Prostate-specific antigen-based prostate cancer screening: Reduction of prostate cancer mortality after correction for nonattendance and contamination in the rotterdam section of the european randomized study of screening for prostate cancer
European Urology : Official Journal of the European Association of Urology , Volume 65 - Issue 2 p. 329- 336
Background Large randomized screening trials provide an estimation of the effect of screening at a population-based level. The effect of screening for individuals, however, is diluted by nonattendance and contamination in the trial arms. Objective To determine the prostate cancer (PCa) mortality reduction from screening after adjustment for nonattendance and contamination. Design, setting, and participants A total of 34 833 men in the core age group, 55-69 yr, were randomized to a screening or control arm in the Rotterdam section of the European Randomized Study of Screening for Prostate Cancer (ERSPC). Prostate-specific antigen (PSA) testing was offered to all men in the screening arm at 4-yr intervals. A prostate biopsy was offered to men with an elevated PSA. The primary end point was PCa-specific mortality. Outcome measurements and statistical analysis Nonattendance was defined as nonparticipation in the screening arm. Contamination in the control arm was defined as receiving asymptomatic PSA testing or a prostate biopsy in the absence of symptoms. Relative risks (RRs) were calculated with an intention to screen (ITS) analysis and after correction for nonattendance and contamination using a method that preserves the benefits obtained by randomization. Results and limitations The ITS analysis resulted in an RR of 0.68 (95% confidence interval [CI], 0.53-0.89) in favor of screening at a median follow-up of 13 yr. Correction for both nonattendance and contamination resulted in an RR of 0.49 (95% CI, 0.27-0.87) in favor of screening. Conclusions PCa screening as conducted in the Rotterdam section of the ERSPC can reduce the risk of dying from PCa up to 51% for an individual man choosing to be screened repeatedly compared with a man who was not screened. This benefit of screening should be balanced against the harms of overdiagnosis and subsequent overtreatment. Trial registration ISRCTN49127736.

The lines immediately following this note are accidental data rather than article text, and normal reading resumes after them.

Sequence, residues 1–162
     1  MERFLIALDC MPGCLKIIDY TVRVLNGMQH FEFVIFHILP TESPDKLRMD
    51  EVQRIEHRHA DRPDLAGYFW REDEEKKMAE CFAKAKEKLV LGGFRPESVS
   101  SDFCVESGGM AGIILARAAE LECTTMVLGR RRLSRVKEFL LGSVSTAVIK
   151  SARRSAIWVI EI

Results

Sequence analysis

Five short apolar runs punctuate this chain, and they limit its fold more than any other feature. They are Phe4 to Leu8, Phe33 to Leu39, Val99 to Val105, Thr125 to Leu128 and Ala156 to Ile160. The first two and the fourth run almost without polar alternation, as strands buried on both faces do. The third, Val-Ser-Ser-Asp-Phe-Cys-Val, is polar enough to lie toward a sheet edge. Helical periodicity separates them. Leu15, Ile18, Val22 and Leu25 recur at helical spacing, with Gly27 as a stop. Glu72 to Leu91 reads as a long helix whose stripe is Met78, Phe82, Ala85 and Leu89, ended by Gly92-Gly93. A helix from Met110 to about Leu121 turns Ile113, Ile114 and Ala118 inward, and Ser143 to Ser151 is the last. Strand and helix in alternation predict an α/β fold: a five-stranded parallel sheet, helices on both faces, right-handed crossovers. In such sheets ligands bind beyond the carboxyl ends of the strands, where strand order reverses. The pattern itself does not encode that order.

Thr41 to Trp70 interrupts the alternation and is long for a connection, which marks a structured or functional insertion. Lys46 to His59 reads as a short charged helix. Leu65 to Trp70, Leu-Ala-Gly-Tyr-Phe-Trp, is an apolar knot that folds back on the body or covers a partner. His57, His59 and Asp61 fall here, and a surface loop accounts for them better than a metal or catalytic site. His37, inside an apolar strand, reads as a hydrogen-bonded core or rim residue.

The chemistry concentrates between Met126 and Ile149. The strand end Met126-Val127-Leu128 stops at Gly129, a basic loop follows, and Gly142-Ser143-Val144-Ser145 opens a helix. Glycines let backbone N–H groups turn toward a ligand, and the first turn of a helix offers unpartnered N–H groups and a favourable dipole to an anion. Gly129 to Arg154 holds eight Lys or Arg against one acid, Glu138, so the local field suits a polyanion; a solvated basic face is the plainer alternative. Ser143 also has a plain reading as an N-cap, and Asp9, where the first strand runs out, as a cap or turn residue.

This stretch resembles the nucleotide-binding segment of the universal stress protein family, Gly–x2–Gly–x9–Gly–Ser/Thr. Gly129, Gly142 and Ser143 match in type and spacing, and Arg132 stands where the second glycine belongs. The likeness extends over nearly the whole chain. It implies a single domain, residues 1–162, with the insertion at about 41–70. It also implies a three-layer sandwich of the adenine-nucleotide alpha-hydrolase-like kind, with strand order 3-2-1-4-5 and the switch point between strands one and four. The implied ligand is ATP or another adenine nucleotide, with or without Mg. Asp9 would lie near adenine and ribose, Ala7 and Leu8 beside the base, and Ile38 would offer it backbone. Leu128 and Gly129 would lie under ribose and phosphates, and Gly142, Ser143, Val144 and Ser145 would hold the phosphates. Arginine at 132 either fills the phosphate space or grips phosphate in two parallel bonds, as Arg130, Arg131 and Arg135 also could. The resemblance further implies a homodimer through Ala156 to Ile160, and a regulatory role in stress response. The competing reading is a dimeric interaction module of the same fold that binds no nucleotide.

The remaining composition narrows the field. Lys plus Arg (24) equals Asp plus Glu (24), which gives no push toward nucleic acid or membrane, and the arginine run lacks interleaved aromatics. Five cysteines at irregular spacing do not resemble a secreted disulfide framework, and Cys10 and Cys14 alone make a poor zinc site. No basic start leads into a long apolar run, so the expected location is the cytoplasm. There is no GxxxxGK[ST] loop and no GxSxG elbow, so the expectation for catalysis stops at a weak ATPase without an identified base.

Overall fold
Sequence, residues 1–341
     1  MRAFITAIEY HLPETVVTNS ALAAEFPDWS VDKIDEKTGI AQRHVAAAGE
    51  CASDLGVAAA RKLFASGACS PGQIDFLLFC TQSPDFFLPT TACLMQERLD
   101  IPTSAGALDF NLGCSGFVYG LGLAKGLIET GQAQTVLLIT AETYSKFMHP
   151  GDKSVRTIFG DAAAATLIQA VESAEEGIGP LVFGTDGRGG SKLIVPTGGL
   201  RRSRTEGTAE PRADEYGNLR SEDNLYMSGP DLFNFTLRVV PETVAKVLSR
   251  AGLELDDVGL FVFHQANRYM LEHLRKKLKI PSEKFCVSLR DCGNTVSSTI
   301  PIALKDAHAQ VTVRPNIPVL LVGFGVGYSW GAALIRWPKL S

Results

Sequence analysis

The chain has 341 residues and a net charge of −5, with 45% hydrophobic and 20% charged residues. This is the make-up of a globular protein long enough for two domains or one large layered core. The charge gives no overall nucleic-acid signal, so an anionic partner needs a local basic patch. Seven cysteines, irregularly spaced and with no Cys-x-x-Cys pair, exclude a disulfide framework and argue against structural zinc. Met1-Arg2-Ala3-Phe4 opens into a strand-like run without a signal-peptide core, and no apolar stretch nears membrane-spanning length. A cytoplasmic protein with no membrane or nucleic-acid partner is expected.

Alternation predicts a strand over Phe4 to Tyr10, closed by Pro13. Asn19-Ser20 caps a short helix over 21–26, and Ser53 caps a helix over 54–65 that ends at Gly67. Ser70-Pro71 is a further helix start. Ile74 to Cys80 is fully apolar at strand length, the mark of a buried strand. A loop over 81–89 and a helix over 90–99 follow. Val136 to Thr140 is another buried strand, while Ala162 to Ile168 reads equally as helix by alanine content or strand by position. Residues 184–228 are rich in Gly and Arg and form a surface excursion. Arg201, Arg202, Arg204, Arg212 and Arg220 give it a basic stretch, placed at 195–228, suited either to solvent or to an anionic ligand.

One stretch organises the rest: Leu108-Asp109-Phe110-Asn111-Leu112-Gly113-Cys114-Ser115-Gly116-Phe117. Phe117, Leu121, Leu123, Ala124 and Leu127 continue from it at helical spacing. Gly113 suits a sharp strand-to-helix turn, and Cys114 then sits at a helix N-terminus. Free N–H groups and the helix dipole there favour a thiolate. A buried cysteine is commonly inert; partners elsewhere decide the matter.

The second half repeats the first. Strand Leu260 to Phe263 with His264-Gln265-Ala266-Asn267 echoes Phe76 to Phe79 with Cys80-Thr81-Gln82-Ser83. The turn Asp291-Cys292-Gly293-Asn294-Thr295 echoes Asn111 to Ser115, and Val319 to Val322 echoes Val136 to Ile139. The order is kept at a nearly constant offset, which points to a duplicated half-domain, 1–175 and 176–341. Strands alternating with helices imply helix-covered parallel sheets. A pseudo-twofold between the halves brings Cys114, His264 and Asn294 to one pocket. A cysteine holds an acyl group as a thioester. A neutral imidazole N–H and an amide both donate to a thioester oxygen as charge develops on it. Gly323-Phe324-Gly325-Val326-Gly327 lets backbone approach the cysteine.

|Biopsy, Contamination, Nonattendance, PALGA, Prostate-specific antigen, Prostatic neoplasms, Screening|
|European Urology : Official Journal of the European Association of Urology|
|Organisation||Department of Pathology|
Bokhorst, L.P, Bangma, C.H, Leenders, G.J.H.L, Lous, J.J, Moss, S.M, Schröder, F.H, & Roobol-Bouts, M.J. (2014). Prostate-specific antigen-based prostate cancer screening: Reduction of prostate cancer mortality after correction for nonattendance and contamination in the rotterdam section of the european randomized study of screening for prostate cancer. European Urology : Official Journal of the European Association of Urology, 65(2), 329–336. doi:10.1016/j.eururo.2013.08.005